John McIver (born 1930)

When former Hickory resident John McIver decided to donate two paintings to HMA in 2012, Kate Worm (then HMA's Collections Curator) interviewed him about his work. In McIver's own words, “After watercolor, all the other media were simple.”  John McIver's Emerging #22 (2009) and Procession #21 (not dated) are mixed media works. They are two of four McIver pieces in the permanent collection.

John McIver,  Emerging 22,  mixed media, 2009

John McIver, Emerging 22, mixed media, 2009

“[One] influence of mine was John Pike [who was a well-known watercolorist and illustrator]. He built a barn up in Woodstock NY [in 1960] and started holding classes there [until 1979]. He’s the only person I took lessons from. He had quite an effect, and it was a long way from painting like John Pike and the way I paint now, which is nonobjective.”

“For a while I was torn which way to go because the New York School [of abstract expressionist painting] was fashionable. Working with transparent watercolor was kind of dated. I have a great appreciation for watercolor and the representational way [but] I think that as I’ve gone along I’m more and more interested in all kinds of abstraction.”

John Kolb McIver (below right) was born in Jacksonville, FL in 1930. After graduating from Trinity College in Hartford, CT, he returned to Jacksonville where he taught himself to paint with watercolors and in turn taught others, at the Jacksonville Art Museum for one. He moved to Evansville, IN in 1967 where he lived until 1975, and then he lived in Grandville, MI before settling in Hickory in the 1990's.

In his early years as an artist, McIver was a realist. He later abandoned realism and says that he “went abstract” in 1993. As a general rule, McIver produces his paintings in series. At a 2005 exhibit at Charlotte's Modern Eye Gallery, he was described as "renowned for his previous work in watercolor, for which he has been awarded many honors. In this current body of work, he turns his expression to collage, and crafts energy-filled canvases of color, light, and texture. His work is reminiscent of delicate Japanese-inspired textiles." (Carolina Arts, May 2006)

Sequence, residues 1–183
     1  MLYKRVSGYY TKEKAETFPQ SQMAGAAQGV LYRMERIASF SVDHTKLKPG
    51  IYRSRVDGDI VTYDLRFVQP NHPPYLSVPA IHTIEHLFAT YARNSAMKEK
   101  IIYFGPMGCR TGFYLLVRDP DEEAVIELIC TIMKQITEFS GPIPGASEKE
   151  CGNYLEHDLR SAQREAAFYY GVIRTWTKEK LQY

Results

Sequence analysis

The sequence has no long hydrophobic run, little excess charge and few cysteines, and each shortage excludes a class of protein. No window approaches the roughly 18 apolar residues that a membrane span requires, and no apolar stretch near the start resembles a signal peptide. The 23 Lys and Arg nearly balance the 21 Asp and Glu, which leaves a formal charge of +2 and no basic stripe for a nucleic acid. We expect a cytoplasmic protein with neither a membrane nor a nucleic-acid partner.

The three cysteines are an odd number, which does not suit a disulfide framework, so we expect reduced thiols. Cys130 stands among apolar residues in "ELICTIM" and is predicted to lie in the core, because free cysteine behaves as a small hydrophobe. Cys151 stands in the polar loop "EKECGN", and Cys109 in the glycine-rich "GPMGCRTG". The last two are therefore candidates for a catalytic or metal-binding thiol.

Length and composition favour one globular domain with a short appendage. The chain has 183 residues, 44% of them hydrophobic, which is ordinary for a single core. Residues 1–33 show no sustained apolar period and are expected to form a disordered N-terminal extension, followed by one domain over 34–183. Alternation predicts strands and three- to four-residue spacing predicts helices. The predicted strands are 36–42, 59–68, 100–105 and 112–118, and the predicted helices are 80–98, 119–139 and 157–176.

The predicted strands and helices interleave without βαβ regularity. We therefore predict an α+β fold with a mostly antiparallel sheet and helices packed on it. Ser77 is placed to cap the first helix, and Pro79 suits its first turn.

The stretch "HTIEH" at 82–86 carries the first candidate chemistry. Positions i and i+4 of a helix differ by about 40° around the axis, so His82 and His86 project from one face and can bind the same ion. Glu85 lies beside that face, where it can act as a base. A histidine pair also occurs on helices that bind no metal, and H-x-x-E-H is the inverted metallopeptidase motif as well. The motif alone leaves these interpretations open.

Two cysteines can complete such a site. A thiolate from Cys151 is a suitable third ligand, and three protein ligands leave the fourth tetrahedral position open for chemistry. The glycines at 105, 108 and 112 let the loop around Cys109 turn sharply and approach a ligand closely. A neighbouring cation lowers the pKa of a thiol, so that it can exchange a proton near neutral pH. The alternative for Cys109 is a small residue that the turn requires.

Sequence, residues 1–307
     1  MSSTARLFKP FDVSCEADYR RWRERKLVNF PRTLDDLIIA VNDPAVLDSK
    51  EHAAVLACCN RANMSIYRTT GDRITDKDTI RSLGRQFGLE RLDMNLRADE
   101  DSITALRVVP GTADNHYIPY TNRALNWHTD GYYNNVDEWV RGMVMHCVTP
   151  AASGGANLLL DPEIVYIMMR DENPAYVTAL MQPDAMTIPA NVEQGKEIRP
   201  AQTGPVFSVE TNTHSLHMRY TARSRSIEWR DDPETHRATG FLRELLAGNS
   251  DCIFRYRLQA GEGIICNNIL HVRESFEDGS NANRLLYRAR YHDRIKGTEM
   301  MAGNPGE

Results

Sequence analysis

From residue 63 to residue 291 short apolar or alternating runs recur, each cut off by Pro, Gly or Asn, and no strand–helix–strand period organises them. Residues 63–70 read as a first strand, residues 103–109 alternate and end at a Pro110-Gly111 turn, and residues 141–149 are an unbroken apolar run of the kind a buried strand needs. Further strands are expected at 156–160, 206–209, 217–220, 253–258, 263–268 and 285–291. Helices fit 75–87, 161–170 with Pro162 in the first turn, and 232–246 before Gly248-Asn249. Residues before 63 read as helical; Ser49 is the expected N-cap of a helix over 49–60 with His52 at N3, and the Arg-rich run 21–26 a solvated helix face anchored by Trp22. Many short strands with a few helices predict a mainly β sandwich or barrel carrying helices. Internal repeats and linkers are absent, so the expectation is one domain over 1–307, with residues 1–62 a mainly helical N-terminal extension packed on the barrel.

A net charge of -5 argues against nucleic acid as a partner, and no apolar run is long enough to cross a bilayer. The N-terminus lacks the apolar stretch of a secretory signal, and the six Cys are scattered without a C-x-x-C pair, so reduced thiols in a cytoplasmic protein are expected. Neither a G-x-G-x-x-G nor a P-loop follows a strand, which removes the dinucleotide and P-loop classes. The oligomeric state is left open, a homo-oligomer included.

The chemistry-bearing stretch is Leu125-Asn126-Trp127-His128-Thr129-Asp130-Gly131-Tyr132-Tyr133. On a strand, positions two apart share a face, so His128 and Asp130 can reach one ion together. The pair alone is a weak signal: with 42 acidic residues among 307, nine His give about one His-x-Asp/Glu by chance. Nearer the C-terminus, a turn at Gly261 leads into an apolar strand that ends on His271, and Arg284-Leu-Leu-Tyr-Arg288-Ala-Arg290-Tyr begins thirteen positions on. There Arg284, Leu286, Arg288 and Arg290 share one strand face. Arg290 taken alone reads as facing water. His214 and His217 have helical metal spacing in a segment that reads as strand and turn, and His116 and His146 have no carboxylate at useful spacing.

At an Art of Poetry event at HMA in early 2014, Bud Caywood read his poem Procession  which was inspired by McIver's Procession #21.

John McIver,  Procession 21

John McIver, Procession 21


There’s no description in the layered movement,
the steps, the quickness; even the ghosts are tired―
bones bent forward in a skin of wind,
leaning into impatience, into anxious unlifelike forms,
reaching for more than oxygen can give―
when the dog of work gnaws at the day’s short bone.
In the end, whenever you go, wherever you are,
you’re there.

(For other poems inspired by works exhibited at HMA, see 

As an aside in his interview with artist Kate Worm, McIver observed about the museum that "I think it's neat that they took a high school building and turned it into a museum and the way it's done, particularly the stairway [into what] used to be the basketball court. I like the idea that [HMA] is free and I think this is nice in a community that has ways of being supported without charging admission."

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This post is # 40 of the 75 stories to celebrate HMA's 75 years.

Post written by Karin Borei, former HMA Project Coordinator.